• Some of the posts mentioned that the "balconies were wavy" or that there were "sagging floors".
    • Speculation is that floor slab delamination of the concrete from its internal steel rebar might be a cause of this problem or that a footing for the building is sinking.



    A photo of a sagging balcony from this building can be seen at the link below (it's a photo that's part of a Nov 24/17 Calgary Herald article).


    http://wpmedia.calgaryherald.com/201...y=55&strip=all


    Anyhow, there's no official publication that I know of at this time regarding why this building's structural integrity is compromised, so we're currently left with speculating as to what the root cause is for this. Hopefully, this cause is something unique to this building but if not, it'll be good to know what it is & how it can be prevented in other buildings with similar design & construction.

  12. #12

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    It sucks, but better to evacuate and nothing happen than have 125 killed in a collapse.

    As for the Ft Mac criticisms about the buildings that remained standing for years; An empty building has less chances of collapsing than a full one. Think about the 125 people evacuated in Calgary, let's say the average weight of each was 160lbs (but probably more), that's 20,000 lbs of people walking and moving around in the building, leaving in the morning and coming back after work/school. Lots of shifting weight there.

  13. #13

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    ^Absolutely true, but the risk from allowing people 2 hours instead of 45 minutes, or to allowing them back in one or two at a time to retrieve belongings over the next few weeks would be very low risk.
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    Quote Originally Posted by Highlander II View Post
    ^Absolutely true, but the risk from allowing people 2 hours instead of 45 minutes, or to allowing them back in one or two at a time to retrieve belongings over the next few weeks would be very low risk.
    Yes common sense but only as far as the probable risk that something might happen. However the reality is that people suddenly wake up to the risk to themselves of the less probable, more remote risk.

    So if just by remote chance, something happened, what would say a collapse killing or injuring one or two people trigger?

    My guess: a requirement that emergency workers would then needlessly have to risk their lives, inevitably highly indignant claims and comments by those injured and/or family and of course their lawyers and the media all saying: “But they told us it was now safe!” And anyone siting high up in authority instantly trying to avoid any blame by pointing their finger at someone down the ladder from them. And so on... And calls for costly investigations where careers are permanently ruined. ... hostile biased journalists trying to make a big story out of it. Armchair quarterbacking by everyone...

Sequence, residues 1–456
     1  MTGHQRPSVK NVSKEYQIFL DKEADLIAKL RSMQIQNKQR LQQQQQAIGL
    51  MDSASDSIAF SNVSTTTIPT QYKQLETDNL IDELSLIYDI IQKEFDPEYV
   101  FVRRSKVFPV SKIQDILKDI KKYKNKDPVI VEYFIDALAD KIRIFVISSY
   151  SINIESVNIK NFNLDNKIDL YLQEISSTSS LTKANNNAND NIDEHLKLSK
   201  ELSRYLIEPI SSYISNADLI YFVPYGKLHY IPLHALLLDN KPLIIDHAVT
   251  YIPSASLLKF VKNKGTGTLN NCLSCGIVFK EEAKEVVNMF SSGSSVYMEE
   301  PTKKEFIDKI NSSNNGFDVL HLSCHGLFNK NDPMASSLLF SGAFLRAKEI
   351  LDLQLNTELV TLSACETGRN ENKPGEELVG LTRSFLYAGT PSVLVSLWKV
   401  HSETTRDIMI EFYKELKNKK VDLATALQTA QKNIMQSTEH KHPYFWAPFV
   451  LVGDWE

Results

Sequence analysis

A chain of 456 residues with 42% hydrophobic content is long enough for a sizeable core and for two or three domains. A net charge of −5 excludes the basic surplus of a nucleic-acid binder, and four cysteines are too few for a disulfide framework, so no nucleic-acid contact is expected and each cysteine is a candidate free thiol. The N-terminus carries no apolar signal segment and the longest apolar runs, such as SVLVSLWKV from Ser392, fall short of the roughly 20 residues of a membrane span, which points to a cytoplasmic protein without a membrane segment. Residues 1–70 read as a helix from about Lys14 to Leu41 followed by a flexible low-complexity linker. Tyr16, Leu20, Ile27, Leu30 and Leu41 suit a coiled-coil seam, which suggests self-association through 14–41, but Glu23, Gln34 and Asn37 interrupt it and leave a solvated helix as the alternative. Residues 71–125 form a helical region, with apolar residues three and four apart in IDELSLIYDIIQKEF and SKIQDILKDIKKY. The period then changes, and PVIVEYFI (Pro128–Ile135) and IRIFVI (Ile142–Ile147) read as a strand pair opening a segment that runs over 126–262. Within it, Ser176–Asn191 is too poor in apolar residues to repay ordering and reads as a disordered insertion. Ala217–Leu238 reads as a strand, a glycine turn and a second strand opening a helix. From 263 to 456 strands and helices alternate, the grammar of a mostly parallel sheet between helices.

15. #15

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    Quote Originally Posted by Highlander II View Post
    ^Absolutely true, but the risk from allowing people 2 hours instead of 45 minutes, or to allowing them back in one or two at a time to retrieve belongings over the next few weeks would be very low risk.
    I think if you tell people they have 15 minutes, they probably take an hour. If you tell them 2 hours, its probably 4 hours. I'm sure there was a little bit of flexibility, but at the end of the day, if the building was at risk of collapse, the less time the better.

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    based on some of the news reports, there’s a great deal of shoring being moved into the building like that used for new construction prior to the building structure being strong enough to support its own weight. i would assume that once installed there will be more and longer windows of access provided as the initial risks should be substantially reduced.
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  17. #17

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    Quote Originally Posted by Highlander II View Post
    ^Absolutely true, but the risk from allowing people 2 hours instead of 45 minutes, or to allowing them back in one or two at a time to retrieve belongings over the next few weeks would be very low risk.
    True, but put yourself in the decision-making shoes. If an engineer or subject matter expert told you there is imminent danger of collapse, and that they should be given 45 minutes to collect their things, would you be willing to make the call saying "Nah, give them a few hours"? Knowing that if it were to collapse with people inside, you, as the shot-caller would be the one everyone would blame, would you still say they can take all the time they need? I know I wouldn't. For all we know, the inspectors/engineers said to evac ASAP, and someone made the call to give them 45 minutes, which is 45 minutes more than they were supposed to have to begin with. And you know that if it did collapse with people inside, everyone would be going after whoever said it was ok to go in and get their belongings.

    It's a lose/lose situation. Personally I think they already took a gamble by giving them 45 minutes. Also, 45 minutes is A LOT of time to gather what's really important to you. It takes me 45 minutes to shower/change and pack to go on a trip! Grab a bag, pack some clothes, take your laptops/tablets, photos, important documents and pets, and go. Shouldn't take more than 20 minutes really.